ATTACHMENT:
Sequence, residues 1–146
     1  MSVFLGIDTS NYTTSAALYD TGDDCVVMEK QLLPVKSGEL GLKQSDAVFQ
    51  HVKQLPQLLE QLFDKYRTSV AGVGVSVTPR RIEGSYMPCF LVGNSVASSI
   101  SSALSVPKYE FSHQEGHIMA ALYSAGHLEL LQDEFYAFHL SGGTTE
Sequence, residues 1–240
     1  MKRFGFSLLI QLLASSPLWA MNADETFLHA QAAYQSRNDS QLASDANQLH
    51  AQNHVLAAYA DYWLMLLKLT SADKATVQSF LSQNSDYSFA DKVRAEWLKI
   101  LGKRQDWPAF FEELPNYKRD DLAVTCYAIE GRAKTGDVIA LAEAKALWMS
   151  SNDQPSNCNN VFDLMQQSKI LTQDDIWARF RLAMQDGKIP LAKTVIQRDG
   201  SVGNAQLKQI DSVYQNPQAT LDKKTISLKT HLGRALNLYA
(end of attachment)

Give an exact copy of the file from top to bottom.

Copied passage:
Sequence, residues 1–146
     1  MSVFLGIDTS NYTTSAALYD TGDDCVVMEK QLLPVKSGEL GLKQSDAVFQ
    51  HVKQLPQLLE QLFDKYRTSV AGVGVSVTPR RIEGSYMPCF LVGNSVASSI
   101  SSALSVPKYE FSHQEGHIMA ALYSAGHLEL LQDEFYAFHL SGGTTE
Sequence, residues 1–240
     1  MKRFGFSLLI QLLASSPLWA MNADETFLHA QAAYQSRNDS QLASDANQLH
    51  AQNHVLAAYA DYWLMLLKLT SADKATVQSF LSQNSDYSFA DKVRAEWLKI
   101  LGKRQDWPAF FEELPNYKRD DLAVTCYAIE GRAKTGDVIA LAEAKALWMS
   151  SNDQPSNCNN VFDLMQQSKI LTQDDIWARF RLAMQDGKIP LAKTVIQRDG
   201  SVGNAQLKQI DSVYQNPQAT LDKKTISLKT HLGRALNLYA